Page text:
When I first started using massage with dogs I tended to see elderly dogs with signs of arthritis. They were struggling to walk as far, were stiff in the mornings or after lying down, and were generally becoming less active or sociable. The use of massage with these dogs aims to improve mobility and well being so they can look to enjoy an active life for longer.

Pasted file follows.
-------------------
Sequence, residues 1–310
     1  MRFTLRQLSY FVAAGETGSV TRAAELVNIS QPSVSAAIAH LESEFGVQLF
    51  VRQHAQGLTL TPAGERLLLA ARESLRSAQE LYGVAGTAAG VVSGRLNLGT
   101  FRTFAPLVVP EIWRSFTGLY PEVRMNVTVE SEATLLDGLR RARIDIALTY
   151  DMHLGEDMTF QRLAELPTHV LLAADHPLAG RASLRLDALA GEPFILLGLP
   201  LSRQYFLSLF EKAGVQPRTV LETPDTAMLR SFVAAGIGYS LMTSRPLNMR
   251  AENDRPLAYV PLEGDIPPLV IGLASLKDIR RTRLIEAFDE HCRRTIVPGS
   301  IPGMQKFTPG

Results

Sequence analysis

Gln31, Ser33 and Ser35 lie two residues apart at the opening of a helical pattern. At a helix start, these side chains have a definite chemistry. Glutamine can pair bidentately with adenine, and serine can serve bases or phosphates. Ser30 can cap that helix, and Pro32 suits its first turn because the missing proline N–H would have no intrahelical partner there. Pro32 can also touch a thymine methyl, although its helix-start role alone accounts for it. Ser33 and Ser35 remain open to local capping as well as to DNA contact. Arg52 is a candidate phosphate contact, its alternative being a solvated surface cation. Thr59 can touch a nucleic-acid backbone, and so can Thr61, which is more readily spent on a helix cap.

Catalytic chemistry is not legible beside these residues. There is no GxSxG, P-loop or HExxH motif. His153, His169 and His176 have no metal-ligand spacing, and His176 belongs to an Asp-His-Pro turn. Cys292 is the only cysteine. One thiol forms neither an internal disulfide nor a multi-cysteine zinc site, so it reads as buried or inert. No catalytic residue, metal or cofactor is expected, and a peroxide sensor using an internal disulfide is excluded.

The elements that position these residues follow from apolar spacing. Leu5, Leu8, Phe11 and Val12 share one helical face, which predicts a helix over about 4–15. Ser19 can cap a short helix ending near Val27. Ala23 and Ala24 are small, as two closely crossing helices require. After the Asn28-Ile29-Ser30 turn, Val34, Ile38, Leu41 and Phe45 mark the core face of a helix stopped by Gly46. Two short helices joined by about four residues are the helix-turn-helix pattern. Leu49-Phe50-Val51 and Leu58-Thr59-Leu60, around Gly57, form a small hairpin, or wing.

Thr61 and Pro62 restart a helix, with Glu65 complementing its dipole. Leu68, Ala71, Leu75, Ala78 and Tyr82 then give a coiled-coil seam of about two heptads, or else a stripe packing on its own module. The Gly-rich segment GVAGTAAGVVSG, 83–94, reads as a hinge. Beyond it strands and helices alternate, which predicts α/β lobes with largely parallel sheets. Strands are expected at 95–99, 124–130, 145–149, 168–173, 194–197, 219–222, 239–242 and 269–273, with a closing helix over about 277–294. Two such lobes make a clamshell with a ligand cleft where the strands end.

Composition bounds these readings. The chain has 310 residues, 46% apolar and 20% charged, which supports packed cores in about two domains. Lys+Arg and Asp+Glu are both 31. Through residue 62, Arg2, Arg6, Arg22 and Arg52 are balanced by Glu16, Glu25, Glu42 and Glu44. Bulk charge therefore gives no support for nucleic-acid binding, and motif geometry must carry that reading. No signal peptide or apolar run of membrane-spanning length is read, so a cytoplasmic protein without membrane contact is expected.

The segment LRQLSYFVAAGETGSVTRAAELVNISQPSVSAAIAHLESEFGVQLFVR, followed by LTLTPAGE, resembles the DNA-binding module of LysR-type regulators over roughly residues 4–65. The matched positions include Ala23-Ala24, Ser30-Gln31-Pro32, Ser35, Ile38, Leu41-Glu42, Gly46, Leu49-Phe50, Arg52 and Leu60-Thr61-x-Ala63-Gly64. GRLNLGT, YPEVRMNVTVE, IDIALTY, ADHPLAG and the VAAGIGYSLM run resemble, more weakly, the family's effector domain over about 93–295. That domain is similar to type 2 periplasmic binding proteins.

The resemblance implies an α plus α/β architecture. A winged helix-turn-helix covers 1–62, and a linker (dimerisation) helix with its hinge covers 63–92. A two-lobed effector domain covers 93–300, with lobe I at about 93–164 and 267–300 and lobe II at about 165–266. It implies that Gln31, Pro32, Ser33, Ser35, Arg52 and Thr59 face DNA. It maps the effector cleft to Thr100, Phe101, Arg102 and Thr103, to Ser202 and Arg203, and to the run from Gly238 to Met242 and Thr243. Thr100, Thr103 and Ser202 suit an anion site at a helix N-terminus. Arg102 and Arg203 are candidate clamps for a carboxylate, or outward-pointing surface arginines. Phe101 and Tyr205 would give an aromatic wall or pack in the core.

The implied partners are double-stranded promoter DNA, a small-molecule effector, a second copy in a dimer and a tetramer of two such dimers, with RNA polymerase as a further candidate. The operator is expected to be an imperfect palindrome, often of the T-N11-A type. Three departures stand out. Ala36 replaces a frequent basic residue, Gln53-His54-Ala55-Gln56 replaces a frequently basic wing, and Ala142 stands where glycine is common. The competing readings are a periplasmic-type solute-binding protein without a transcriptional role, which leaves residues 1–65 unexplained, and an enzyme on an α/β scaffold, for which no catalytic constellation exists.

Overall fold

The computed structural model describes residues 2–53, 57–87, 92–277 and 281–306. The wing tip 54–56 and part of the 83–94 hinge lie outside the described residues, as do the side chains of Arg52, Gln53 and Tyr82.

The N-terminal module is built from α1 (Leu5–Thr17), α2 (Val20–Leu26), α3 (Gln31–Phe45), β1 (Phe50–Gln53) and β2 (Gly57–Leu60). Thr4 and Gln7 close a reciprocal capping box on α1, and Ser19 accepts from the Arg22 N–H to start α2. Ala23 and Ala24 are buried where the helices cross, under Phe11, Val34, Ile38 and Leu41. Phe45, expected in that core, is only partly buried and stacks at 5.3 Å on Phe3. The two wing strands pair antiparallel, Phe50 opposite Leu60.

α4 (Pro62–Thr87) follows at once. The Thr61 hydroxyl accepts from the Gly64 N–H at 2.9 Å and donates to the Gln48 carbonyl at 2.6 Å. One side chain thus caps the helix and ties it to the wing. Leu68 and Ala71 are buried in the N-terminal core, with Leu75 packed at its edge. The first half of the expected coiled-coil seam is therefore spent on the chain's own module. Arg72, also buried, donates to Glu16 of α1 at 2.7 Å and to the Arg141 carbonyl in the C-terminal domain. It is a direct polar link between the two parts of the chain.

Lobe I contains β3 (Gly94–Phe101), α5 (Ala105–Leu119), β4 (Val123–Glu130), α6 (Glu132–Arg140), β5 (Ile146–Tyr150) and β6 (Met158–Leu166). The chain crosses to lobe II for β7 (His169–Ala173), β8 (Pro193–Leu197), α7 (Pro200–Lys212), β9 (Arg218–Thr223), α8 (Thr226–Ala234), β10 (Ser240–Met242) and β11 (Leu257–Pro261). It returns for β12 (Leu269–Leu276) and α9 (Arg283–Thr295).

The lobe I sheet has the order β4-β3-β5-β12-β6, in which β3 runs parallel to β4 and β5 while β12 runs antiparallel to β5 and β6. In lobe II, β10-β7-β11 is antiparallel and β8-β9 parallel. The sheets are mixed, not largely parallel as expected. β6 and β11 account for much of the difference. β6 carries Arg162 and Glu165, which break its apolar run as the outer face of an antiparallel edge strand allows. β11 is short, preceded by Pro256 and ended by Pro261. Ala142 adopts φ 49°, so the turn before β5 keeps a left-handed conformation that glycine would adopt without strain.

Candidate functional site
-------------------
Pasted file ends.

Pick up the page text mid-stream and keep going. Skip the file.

More recently I’ve had dogs coming to me with a much wider range of conditions or problems. I’ve seen a 2 year old Labrador with terribly formed joints – possibly as a result of a poor early diet and cramped living conditions – his owner now believes he came from a puppy farm although they didn’t know that when they got him; I’ve seen an ex champion racing greyhound with problems in her neck causing pain when she turns quickly or when getting up from lying – anyone who’s had a sore neck will understand that. I’ve seen a usually healthy active staffy cross who came home lame after a walk, a 4 year old dog who’s just had surgery to remove the head of his femur as the joint was so badly damaged and causing a lot of pain, and I’ve seen a border collie with such sore stifles (knees) that she was hardly putting her back feet on the ground and had learnt to stand on her hands! Massage offers another means of care in all these cases and I’m pleased to say the vets I work with are becoming more amenable to suggesting owners try massage alongside conventional pain relief. As can be seen by the last dog I mentioned, a sore joint can change the way a dog moves about and consequently other parts of the dog get overworked. Pain killers and anti inflammatories do just as they say but they don’t address the underlying difficulties in the same way as massage.